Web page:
The Salem News
---- — You who are old, and have fought the fight, and have won or lost or left the fight,
Weight us not down with fears of the world, as we run!
Cale Young Rice
When I wrote the above demand into my quote notebook, I was young and annoyed by fearful advice from my elders. I try not to be pessimistic around younger people, which is easy because I’m optimistic by nature. In fact, the one time I was invited to be a commencement speaker, years ago, at a dental hygiene school, I may have shared the Rice quote, along with congratulating the graduates on choosing a profession that would make people smile more.
But now I notice that at many colleges, speakers are disinvited by students who should still be eager to learn, instead of just believing everything some liberal professors taught them. The Foundation for Individual Rights in Education notes that while there have always been protests, what has changed is “the willingness of colleges and speakers to give in ... many apparently voluntary withdrawals are made at the college’s urging.”
For this distorted kind of “education,” some parents/students go tens of thousands into debt? So, I am disregarding Mr. Rice and offering this commencement speech to 2014 college graduates, from someone who is still fighting the fight:
Hey, kids, listen up. I’ve got some serious “fears of the world” for you to run with. Here are three that scare me on behalf of my grandchildren.
1. Your economic future. If you studied something for which graduates are in demand, then maybe it was worth the level of debt some of you are carrying. However, if, like me, you studied what interested you at the time, with no thought about viable professions and, unlike me, borrowed to do it (I quit when I ran out of cash), what were you THINKING? Add to the need to repay your college loans the fact that you each owe $55,000 toward the (so far) $17.5 trillion national debt, and may someday have to pay tax increases to cover a) federal government spending when no country can or will lend us more, and b) unfunded liabilities at the state and local level. Unfairly, you’ll keep paying into the Social Security/Medicare systems with little chance of ever receiving your share of services.
2. Superbugs, etc. When I was in college, many diseases had been almost eradicated in the United States, including polio, pertussis and tuberculosis (TB), and everywhere, smallpox was vanishing. Miracle antibiotics were available to kill most bacteria. Now, because of more common world travel and undocumented (not-vaccinated) immigration, some old diseases like TB, and new ones like bird flu and Middle East Respiratory Syndrome, are becoming threats here. Thanks to the misuse of antibiotics, we are seeing the growth of antibiotic-resistant germs, bringing the possibility of a modern plague that our medical profession can’t handle. Just going to the hospital adds risk of infection to whatever initially causes the visit.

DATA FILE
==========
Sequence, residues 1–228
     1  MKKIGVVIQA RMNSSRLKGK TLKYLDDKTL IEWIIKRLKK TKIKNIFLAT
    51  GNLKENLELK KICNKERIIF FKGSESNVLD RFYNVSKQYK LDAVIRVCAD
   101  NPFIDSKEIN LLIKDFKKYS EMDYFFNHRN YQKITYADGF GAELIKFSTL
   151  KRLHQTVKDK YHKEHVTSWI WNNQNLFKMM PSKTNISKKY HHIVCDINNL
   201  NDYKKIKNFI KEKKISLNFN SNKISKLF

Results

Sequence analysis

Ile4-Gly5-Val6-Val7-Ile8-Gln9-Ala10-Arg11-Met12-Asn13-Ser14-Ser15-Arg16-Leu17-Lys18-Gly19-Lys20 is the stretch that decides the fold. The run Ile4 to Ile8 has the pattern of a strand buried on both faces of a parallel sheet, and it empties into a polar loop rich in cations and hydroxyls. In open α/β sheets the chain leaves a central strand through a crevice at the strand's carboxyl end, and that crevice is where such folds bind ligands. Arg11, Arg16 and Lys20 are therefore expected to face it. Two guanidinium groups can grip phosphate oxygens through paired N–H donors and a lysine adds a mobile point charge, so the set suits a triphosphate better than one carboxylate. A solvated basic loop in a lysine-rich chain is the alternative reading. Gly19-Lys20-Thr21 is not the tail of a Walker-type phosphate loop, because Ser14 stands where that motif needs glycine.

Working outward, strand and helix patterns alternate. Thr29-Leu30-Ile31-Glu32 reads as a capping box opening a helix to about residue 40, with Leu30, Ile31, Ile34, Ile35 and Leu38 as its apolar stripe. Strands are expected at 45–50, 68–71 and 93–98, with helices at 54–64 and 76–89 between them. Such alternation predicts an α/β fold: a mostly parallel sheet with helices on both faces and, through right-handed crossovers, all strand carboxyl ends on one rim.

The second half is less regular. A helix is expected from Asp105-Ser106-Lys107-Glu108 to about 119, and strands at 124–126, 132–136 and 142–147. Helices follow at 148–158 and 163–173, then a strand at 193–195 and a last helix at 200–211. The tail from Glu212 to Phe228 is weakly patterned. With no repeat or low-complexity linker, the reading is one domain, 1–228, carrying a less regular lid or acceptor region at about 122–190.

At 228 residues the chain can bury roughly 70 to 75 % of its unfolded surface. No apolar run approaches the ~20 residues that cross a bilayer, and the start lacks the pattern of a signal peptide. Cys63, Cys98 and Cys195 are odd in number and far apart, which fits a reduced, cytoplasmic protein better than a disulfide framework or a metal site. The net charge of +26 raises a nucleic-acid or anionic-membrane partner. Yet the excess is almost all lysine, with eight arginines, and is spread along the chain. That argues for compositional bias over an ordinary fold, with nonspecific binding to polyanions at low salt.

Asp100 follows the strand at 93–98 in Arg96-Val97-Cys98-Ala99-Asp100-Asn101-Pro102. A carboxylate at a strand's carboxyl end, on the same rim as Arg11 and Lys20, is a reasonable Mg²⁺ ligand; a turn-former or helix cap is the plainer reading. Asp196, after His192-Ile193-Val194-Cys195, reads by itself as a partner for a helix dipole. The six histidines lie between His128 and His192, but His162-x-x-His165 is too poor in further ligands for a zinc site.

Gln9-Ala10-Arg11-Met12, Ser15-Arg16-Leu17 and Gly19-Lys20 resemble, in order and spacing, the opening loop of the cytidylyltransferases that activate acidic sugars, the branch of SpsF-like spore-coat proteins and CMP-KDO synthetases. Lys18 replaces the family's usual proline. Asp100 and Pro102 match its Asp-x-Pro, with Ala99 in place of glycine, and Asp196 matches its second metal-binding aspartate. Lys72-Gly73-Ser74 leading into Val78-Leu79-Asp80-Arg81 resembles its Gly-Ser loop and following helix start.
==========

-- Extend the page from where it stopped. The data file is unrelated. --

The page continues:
On the subject of disease, let’s worry about the viruses attacking bees and bats, which play a vital role in our ecosystem, including the part that grows our food and battles insects. While worrying about food, worry about genetically modified crops, then toss in my long-standing general concern about population growth, as the world population heads for eight billion by 2030. I know some conservatives see little problem with this; it’s hard for me to see how it can NOT soon become a problem. And it’s also hard for me to imagine that there’s no environmental impact from all these people, many of them wasteful. Even if there is climate change, and good luck, graduates, sorting out THOSE conflicting arguments, when it happened seriously in the past, it affected only a few humans who could migrate from cold to warm, from drought to damp, away from rising seas, perhaps without running into hostile “others.”
3. Here’s the big one that has me seriously scared. Last month, I saw an old friend, Warren Norquist, once a Westinghouse engineer, being interviewed on local access TV. He’s become an expert on EMP — electromagnetic pulse — which I’d heard of but it seemed a remote concern, like climate change. (Yes, I saw this week’s headlines, “Antarctic ice sheet rapidly collapsing,” but if you read the story you learn that “rapidly” means “possibly within a couple of centuries.”)
But now we learn that EMP is a more immediate threat, like the issue that scared my youthful generation: nuclear war. My first year of college, we watched news reports of the Cuban missile crisis, which, we’ve learned recently as Russia released its once-secret documents, did come close to nuking some of the East Coast.
The EMP occurs if a terrorist enemy detonates a nuclear weapon above our atmosphere, destroying all electric grids and microcircuitry in the United States — in effect blasting us back to the 18th century. Planes would fall immediately from the sky. Vehicles manufactured after 1970 couldn’t run — this includes those delivering our drugs and our food. While people wouldn’t be affected as they were in Japan by WWII nuclear radiation, I’ve seen an estimate that 90 percent of our population would die the first year, either from lack of essential supplies or by raids from desperate people on what we do have.
Didn’t mean to scare you too much, graduates. Fear No. 3, with help from Fear No/ 2, would basically wipe out any need to fear much else: American civilization would essentially end, and the rest of the world would have to deal with terrorists and disease without us.
More optimistically, all of the above can be addressed, though not easily: If you want to come back here next week, I’ll share some ideas.
Barbara Anderson of Marblehead is president of Citizens for Limited Taxation and a Salem News columnist.